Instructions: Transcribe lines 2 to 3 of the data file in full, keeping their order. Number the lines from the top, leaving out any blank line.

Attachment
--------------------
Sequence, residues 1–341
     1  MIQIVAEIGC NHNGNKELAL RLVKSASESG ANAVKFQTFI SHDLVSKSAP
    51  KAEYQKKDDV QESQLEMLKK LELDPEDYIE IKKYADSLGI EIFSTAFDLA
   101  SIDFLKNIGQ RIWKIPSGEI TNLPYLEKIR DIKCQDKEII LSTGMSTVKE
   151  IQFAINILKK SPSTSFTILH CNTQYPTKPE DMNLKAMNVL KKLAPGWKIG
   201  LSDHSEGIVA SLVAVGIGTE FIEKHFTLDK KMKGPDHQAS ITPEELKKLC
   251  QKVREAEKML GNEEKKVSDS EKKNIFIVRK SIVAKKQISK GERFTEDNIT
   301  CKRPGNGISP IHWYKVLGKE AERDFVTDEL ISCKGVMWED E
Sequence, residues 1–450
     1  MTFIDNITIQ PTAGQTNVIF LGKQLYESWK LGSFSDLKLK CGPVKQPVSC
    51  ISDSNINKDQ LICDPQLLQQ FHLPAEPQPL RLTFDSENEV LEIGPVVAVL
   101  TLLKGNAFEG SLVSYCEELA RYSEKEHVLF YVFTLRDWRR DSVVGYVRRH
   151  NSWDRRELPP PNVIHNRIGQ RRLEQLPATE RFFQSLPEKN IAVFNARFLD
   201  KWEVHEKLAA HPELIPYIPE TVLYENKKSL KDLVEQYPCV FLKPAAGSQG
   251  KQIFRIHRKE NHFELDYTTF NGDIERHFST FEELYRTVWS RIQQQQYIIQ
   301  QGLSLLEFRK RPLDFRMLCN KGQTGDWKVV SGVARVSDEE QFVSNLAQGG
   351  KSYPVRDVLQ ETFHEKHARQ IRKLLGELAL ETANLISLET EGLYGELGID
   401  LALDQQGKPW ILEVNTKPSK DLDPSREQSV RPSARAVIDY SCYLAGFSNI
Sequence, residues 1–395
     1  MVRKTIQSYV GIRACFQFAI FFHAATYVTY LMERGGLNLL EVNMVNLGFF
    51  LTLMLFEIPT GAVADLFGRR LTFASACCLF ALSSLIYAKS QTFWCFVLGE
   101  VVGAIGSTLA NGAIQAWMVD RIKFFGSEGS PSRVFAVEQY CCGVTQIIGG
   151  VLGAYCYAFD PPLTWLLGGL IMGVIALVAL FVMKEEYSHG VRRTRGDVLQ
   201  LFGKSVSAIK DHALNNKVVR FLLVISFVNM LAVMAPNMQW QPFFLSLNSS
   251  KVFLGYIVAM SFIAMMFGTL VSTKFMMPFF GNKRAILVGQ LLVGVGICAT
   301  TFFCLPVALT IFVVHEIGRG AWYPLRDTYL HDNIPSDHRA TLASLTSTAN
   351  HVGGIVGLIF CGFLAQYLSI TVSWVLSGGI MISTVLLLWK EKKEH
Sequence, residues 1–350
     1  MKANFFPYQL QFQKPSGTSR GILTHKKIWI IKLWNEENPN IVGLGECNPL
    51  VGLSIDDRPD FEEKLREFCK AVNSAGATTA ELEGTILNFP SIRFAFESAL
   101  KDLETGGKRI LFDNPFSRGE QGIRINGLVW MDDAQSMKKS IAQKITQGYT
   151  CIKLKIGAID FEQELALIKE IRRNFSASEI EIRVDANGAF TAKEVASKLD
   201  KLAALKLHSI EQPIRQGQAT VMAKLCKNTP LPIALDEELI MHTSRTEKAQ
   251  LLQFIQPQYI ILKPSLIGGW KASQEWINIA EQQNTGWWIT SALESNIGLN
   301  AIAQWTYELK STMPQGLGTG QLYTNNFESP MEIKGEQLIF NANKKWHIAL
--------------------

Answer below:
     1  MIQIVAEIGC NHNGNKELAL RLVKSASESG ANAVKFQTFI SHDLVSKSAP
    51  KAEYQKKDDV QESQLEMLKK LELDPEDYIE IKKYADSLGI EIFSTAFDLA